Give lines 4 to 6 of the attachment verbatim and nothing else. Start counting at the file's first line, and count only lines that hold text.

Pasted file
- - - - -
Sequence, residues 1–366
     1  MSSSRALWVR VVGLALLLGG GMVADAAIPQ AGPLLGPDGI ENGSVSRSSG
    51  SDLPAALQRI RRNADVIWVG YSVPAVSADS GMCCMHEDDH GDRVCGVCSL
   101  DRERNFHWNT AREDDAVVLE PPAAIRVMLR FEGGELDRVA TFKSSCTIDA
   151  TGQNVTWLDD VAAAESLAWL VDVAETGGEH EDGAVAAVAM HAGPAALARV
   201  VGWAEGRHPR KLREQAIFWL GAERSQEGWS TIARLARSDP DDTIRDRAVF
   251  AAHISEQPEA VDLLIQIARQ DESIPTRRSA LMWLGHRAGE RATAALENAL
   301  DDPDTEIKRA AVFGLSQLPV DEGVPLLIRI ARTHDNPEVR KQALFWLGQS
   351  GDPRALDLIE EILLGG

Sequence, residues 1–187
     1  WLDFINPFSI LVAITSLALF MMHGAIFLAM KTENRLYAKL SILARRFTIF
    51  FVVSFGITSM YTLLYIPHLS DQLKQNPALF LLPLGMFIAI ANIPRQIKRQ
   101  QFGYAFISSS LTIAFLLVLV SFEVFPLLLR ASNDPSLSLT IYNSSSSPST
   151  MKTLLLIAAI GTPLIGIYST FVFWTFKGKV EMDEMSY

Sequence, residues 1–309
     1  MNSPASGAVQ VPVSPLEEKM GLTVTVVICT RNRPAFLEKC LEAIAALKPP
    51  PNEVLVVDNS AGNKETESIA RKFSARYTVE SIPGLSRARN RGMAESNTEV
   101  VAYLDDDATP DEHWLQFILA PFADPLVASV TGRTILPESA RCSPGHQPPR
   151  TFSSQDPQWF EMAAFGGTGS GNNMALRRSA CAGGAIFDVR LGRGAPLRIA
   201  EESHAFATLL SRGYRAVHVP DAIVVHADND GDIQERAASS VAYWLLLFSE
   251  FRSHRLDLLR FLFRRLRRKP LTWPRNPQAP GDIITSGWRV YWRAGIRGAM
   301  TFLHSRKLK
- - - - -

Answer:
   101  DRERNFHWNT AREDDAVVLE PPAAIRVMLR FEGGELDRVA TFKSSCTIDA
   151  TGQNVTWLDD VAAAESLAWL VDVAETGGEH EDGAVAAVAM HAGPAALARV
   201  VGWAEGRHPR KLREQAIFWL GAERSQEGWS TIARLARSDP DDTIRDRAVF